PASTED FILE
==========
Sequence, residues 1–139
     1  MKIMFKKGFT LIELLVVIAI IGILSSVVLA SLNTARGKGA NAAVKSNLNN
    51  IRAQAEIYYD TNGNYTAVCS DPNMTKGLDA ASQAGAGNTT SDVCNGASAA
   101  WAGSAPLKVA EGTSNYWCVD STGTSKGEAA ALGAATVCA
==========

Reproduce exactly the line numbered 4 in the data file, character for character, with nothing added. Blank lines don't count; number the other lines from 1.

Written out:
   101  WAGSAPLKVA EGTSNYWCVD STGTSKGEAA ALGAATVCA